Plachimada is a little hamlet in Palakkad District, which is known as the ‘rice bowl of Kerala.’ The majority of the population consists of adivasis (indigenous people).
In March 2000, Coca Cola, under its Indian subsidiary Hindustan Coca Cola Beverages Private Limited (HCCBPL), commenced operations at its bottling plant; HCCBPL acquired 34.4 acres of land (mostly paddy fields) for this purpose. On January 25, 2000, the Perumatty Panchayat (a local governing body whose constituency includes Plachimada) granted permission to begin building the plant. In March 2000, operations began. The Kerala State Pollution Control Board (KSPCB) granted the company a permit to produce 561,000 litres of beverage per day, with an average requirement of 3.8 litres of water for a litre of beverage. The source of water was primarily groundwater from about 6 bore wells and two open ponds, and about 2 million litres of water per day was extracted.
Within six months of commencement of operations at the plant, the villagers complained that the water was unsuitable for drinking or cooking ; it had turned milky white and was brackish. In the subsequent months, several villagers complained of unusual stomachaches, while farmers complained of wells emptying unusually fast and crop yields decreasing. Corpwatch India, a public interest group, found that there were high levels of calcium and magnesium in the water, caused by excessive extraction of water.
On April 22, 2002, the ‘Coca Cola Virudha Janakeeya Samara Samithy’ (Anti-Coca Cola Peoples’ Struggle Committee - henceforth Samithy) began its protest against the plant, with over 1500 people, mostly adivasis, demanding the immediate shutdown of the plant owing to the severe hazard it was causing to their daily lives. One of the founders and well known indigenous activist of the Eravalar tribe was Mayilamma. On August 4, 2002, the Samithy organised a massive rally and public meeting, with over 1000 attendees starting their march from Palimukku, a village 6 kilometres from Plachimada. Veloor Swaminathan, an adivasi leader and convener of the Samithy, presided over the public meeting. He spoke about the experience of the struggle and the sacrifices and sufferings of the adivasis, agricultural labourers and other affected peoples. After this rally, the picketing outside the plant continued unabated. In 2003, women from the Vijayanagaram Colony in the village of Plachimada, protested that their wells had dried up because of the over exploitation of groundwater resources by the Coca-cola plant. They complained that they now had to walk nearly five kilometres twice a day to fetch water. They also argued that the little which was left was undrinkable and when used for bathing the water burned their eyes and lead to skin complaints. Aside form these health issues, the depletion of groundwater resources also affected the ability of local residents to raise their crops of rice and coconuts . Meanwhile, beginning in April 2003, the struggle against the cola giant took a decisive legal turn, which lasted for many years . By 2005, new rules established by the Kerala Groundwater (Control and Regulation) Act had taken effect. On November 19, 2005, the Water Resource Department included Plachimada under the category ‘overexploited’, which prevented any further extraction for commercial purposes. In January 2006, the company began considering ways of moving operations from Plachimada, and no operations have taken place at the plant since.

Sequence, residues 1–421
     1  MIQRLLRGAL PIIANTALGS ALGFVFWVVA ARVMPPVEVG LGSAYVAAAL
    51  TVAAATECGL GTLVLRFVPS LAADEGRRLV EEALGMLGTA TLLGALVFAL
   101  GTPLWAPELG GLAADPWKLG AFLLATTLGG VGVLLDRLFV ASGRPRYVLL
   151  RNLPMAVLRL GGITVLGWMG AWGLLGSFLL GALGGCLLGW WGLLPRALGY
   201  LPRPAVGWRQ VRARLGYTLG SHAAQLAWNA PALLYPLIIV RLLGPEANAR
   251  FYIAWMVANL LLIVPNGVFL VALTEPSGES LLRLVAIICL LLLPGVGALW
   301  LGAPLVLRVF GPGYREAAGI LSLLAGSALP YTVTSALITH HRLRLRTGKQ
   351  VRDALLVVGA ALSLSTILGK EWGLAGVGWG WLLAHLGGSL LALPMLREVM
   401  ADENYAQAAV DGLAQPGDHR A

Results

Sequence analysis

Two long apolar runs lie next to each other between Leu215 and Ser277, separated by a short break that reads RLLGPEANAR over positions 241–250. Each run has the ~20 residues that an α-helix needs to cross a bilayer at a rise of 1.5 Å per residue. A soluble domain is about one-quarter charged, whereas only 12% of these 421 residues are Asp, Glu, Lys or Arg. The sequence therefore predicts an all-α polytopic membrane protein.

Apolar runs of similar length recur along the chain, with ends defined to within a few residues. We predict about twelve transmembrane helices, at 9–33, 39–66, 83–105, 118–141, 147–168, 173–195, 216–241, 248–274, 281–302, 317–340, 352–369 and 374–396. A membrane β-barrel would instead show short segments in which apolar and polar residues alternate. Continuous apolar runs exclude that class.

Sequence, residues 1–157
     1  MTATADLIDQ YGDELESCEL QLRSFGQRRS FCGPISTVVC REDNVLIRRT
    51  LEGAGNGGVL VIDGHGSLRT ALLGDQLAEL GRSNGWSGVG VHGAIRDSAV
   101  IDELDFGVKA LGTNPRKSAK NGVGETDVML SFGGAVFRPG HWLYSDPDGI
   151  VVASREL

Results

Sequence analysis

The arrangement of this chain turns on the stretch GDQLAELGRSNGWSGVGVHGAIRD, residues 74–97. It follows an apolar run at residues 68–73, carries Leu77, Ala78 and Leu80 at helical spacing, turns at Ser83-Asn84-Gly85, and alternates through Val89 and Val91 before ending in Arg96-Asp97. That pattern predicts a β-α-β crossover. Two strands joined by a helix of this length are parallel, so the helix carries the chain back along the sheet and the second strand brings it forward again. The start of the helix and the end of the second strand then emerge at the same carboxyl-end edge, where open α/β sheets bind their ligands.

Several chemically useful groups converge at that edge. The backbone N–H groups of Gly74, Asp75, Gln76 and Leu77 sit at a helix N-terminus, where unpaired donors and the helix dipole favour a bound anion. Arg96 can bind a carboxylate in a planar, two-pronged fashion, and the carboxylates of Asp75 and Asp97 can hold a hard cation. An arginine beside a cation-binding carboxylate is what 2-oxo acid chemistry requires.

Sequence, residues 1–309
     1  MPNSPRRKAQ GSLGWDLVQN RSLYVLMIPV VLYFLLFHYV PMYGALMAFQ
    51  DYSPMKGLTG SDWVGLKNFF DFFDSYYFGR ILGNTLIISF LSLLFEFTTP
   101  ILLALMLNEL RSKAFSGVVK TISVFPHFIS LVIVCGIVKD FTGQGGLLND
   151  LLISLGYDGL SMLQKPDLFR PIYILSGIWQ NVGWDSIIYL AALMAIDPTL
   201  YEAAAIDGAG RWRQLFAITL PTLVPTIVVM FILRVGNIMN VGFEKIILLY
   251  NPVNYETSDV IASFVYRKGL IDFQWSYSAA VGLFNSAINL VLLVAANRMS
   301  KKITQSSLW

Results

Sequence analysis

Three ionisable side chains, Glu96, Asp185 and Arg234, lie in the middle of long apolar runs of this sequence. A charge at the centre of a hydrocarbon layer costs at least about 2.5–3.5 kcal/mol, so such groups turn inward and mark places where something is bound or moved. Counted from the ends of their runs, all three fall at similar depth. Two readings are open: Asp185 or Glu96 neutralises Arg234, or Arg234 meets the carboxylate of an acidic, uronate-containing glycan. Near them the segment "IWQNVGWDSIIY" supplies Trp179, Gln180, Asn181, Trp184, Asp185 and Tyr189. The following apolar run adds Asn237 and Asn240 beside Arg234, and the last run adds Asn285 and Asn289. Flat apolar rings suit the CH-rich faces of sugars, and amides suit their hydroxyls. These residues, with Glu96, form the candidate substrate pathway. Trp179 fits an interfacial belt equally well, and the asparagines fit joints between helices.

UPDATE 13.06.16: From the Hindu, "Under pressure from the National Commission for Scheduled Castes (NCSC), the Home Department has registered a criminal case against Coca-Cola invoking provisions of the Scheduled Castes and Scheduled Tribes (Prevention of Atrocities) Act, 1989, for groundwater exploitation and pollution at Plachimada.  Top executives of Coca-Cola in Kochi and Noida will be summoned soon for questioning. It will be the first major case in India subjecting Coca-Cola to the country’s judicial process. The court can also impose a huge compensation package, if it finds the company guilty.  The company is accused of causing damage of Rs. 216 crore in the agrarian village. Over 200 SC community members had signed the petition. As the police failed to act, the victims led by K. Thankavelu approached the NCSC, which resulted in registering of the case."